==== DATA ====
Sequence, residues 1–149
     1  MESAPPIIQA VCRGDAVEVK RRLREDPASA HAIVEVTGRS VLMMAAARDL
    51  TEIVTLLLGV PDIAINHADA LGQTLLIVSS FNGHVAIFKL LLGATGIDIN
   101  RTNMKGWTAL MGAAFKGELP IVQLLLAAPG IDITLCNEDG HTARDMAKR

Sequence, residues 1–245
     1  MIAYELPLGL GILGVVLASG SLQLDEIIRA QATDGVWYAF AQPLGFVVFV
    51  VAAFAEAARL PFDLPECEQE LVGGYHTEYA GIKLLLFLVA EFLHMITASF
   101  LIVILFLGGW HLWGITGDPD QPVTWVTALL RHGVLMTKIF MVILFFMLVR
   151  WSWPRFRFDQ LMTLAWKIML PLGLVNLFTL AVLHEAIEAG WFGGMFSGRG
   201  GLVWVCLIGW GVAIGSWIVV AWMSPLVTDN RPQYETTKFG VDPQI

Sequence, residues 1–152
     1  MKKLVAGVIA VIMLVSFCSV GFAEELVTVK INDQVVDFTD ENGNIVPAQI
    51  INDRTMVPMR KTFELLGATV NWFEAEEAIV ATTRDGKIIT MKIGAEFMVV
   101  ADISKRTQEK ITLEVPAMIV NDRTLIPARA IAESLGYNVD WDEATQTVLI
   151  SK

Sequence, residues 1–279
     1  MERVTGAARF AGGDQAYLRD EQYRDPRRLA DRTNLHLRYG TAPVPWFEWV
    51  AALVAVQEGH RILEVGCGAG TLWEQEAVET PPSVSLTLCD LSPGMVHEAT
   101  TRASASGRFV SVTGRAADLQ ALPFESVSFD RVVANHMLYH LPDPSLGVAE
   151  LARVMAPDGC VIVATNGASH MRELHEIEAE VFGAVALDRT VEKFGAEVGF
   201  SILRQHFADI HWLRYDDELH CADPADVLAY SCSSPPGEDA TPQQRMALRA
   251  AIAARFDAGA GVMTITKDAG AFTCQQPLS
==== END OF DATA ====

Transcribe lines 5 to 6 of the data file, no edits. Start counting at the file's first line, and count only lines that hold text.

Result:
Sequence, residues 1–245
     1  MIAYELPLGL GILGVVLASG SLQLDEIIRA QATDGVWYAF AQPLGFVVFV